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Rainbow Trout By Any Other Name......

Updated on November 17, 2012
10 Rainbow Trout Out of the Lake and Headed for the Skillet
10 Rainbow Trout Out of the Lake and Headed for the Skillet
This rainbow trout like the others was caught on a 1/16 oz. rainbow trout colored rooster Tail
This rainbow trout like the others was caught on a 1/16 oz. rainbow trout colored rooster Tail
Even when on the smallish side, rainbow trout put up a spirited and acrobatic fight.
Even when on the smallish side, rainbow trout put up a spirited and acrobatic fight.
Catching is just part of fishing. Cleaning the fish, cooking them and eating them makes memories that are more than just table fare.
Catching is just part of fishing. Cleaning the fish, cooking them and eating them makes memories that are more than just table fare.

Camp Ernst Rainbow Trout

by Robb Hoff

Nothing quite like fly fishing for trout in a Montana stream tucked away from the rest of the earth like some oasis from a time gone by...........

Or fishing for one of the 2,500 rainbow trout that the Kentucky Department of Fish & Wildlife just released into the 22-acre Camp Ernst Lake in Northern Kentucky.

Well, more like 10 of those beautiful rainbows.

The trout stockings by states and localities provide a priceless service to the anglers who are duly grateful for the opportunity to experience the majesty of rainbow trout on the end of a line -- regardless of whether that line is fly line tipped with an olive Marabou jig, monofilament with a minnow on a size six hook or light test line with an in-line spinner prompting smashing strikes.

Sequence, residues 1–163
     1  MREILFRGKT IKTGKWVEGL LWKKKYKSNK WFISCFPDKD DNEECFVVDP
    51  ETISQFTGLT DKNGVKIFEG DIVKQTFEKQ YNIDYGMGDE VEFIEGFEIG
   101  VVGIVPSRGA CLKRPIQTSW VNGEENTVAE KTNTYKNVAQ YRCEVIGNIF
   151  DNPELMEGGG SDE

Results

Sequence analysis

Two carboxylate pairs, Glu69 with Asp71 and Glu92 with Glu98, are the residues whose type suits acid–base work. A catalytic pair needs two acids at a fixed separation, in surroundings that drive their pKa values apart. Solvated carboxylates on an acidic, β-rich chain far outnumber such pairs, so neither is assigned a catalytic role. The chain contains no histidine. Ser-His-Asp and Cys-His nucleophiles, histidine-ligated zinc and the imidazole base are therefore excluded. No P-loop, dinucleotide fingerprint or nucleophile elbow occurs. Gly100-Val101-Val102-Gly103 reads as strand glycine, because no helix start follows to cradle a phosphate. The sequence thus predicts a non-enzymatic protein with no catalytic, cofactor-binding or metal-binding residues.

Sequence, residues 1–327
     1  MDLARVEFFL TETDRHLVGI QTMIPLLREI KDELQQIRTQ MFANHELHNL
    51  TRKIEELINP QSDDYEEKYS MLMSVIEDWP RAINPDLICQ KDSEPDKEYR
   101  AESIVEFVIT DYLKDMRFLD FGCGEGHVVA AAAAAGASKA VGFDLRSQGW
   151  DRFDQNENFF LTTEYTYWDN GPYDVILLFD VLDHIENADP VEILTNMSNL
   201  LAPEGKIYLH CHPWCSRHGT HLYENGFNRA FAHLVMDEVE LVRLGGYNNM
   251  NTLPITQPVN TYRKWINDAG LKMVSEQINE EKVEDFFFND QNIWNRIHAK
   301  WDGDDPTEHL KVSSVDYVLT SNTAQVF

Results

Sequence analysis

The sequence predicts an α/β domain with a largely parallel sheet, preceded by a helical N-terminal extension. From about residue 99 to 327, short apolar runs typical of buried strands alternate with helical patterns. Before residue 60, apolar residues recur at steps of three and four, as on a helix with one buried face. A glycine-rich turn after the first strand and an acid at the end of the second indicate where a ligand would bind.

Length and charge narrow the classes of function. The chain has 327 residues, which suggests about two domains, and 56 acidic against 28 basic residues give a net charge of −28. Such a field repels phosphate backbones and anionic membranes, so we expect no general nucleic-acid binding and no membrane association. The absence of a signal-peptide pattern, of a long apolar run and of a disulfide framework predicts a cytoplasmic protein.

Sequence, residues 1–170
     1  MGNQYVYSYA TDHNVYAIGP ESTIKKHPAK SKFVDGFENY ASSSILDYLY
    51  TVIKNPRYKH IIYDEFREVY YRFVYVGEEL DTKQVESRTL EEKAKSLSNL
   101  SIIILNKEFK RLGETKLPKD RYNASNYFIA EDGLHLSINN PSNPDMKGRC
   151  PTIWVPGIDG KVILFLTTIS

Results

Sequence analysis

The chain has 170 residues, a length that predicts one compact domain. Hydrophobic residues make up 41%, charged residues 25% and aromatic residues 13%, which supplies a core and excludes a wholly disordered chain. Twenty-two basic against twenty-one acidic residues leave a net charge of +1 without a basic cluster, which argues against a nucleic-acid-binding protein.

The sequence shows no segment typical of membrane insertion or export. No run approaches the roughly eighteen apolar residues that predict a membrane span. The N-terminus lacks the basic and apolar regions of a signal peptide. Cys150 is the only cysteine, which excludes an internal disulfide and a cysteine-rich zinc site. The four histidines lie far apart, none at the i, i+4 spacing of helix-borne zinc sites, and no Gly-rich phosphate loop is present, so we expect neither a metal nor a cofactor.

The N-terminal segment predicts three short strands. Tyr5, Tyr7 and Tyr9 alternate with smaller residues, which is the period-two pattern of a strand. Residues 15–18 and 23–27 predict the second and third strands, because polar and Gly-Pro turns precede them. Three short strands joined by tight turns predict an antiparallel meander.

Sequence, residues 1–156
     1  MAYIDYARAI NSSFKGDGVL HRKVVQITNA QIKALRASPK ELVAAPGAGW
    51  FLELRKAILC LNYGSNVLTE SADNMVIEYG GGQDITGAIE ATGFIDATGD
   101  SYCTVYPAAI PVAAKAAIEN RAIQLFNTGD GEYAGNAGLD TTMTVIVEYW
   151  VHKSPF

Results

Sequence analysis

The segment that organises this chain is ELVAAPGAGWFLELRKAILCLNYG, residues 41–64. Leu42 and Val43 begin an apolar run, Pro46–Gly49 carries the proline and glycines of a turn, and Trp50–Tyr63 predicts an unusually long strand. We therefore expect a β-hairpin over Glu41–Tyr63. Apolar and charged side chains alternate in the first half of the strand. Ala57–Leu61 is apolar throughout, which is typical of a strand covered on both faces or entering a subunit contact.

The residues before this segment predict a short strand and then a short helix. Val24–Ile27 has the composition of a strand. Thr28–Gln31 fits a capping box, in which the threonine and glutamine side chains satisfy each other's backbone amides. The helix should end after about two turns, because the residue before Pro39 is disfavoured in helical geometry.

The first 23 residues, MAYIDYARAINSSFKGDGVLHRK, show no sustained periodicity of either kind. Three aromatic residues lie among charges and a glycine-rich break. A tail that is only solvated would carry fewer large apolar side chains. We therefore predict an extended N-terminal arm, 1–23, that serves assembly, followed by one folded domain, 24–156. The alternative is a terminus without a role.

The lure of choice for my son and I this trout outing was a 1/16-ounce rainbow trout-colored Rooster Tail that produced 10 rainbow trout in about an hour.

We could have caught a hundred if we fished a full day, but the limit is five per person and we only had a couple hours available to us to fish any way.

But that short time was one whale of a time. And the drive home was a lively one, full of anticipation for fresh rainbow trout.

My son and I tag-teamed cleaning the fish with me doing the filet knife work and him handling the washing and cleanup. Once we finished cleaning, the trout were baked skin-on on olive oil greased sheets for 25 minutes at 380-degrees. The fish were flipped halfway through the baking, then the skin was pulled from the meat and the fish were ready to eat. The meat is easily scraped with a fork from the rib cage without detaching the tiny trout bones, making for just a succulent feast.

There's really no substitute for fresh rainbow trout. Maybe ones caught out in a mountain stream taste better -- I wouldn't doubt that they do, but the trout my son and I devoured a few hours ago really couldn't have tasted much better than they did, or provided more fun in catching them together.

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